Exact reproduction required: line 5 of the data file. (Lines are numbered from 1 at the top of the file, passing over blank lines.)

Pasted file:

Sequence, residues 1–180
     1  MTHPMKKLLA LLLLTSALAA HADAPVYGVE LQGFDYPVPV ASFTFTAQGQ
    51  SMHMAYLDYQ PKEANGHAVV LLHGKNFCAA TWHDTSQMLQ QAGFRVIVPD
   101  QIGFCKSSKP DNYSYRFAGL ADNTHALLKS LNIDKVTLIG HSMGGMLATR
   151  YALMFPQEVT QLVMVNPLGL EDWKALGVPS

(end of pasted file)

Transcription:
   151  YALMFPQEVT QLVMVNPLGL EDWKALGVPS